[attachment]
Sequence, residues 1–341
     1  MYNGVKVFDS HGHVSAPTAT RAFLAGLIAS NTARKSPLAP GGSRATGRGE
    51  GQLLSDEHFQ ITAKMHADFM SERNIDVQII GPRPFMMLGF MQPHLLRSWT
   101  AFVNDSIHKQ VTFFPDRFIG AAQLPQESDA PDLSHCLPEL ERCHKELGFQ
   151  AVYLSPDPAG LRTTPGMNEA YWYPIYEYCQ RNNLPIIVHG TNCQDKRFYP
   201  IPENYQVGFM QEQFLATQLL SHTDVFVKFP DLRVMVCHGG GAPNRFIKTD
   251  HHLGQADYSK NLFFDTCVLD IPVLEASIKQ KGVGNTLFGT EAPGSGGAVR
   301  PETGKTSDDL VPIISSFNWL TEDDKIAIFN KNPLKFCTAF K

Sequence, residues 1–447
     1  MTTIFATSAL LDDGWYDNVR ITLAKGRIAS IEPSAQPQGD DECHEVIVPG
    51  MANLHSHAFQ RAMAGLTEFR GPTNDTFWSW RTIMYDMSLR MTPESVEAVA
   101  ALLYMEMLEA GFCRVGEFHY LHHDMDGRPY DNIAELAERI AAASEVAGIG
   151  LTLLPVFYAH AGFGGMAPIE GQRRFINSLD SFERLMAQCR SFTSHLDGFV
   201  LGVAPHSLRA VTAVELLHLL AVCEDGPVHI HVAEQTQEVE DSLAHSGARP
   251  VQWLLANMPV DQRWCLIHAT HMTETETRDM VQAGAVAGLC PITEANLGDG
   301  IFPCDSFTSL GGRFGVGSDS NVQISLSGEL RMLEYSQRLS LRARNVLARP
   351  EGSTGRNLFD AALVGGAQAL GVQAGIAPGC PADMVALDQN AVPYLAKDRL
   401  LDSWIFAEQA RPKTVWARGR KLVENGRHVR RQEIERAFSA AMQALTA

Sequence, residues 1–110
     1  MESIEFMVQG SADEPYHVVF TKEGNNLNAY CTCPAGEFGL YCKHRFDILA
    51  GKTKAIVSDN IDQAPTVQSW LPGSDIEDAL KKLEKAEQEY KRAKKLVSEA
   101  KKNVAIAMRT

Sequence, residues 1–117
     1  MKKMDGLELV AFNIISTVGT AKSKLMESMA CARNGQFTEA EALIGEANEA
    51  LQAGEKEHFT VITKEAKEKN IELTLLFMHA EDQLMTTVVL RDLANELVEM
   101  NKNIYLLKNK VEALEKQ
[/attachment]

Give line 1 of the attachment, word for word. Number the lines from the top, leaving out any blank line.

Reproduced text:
Sequence, residues 1–341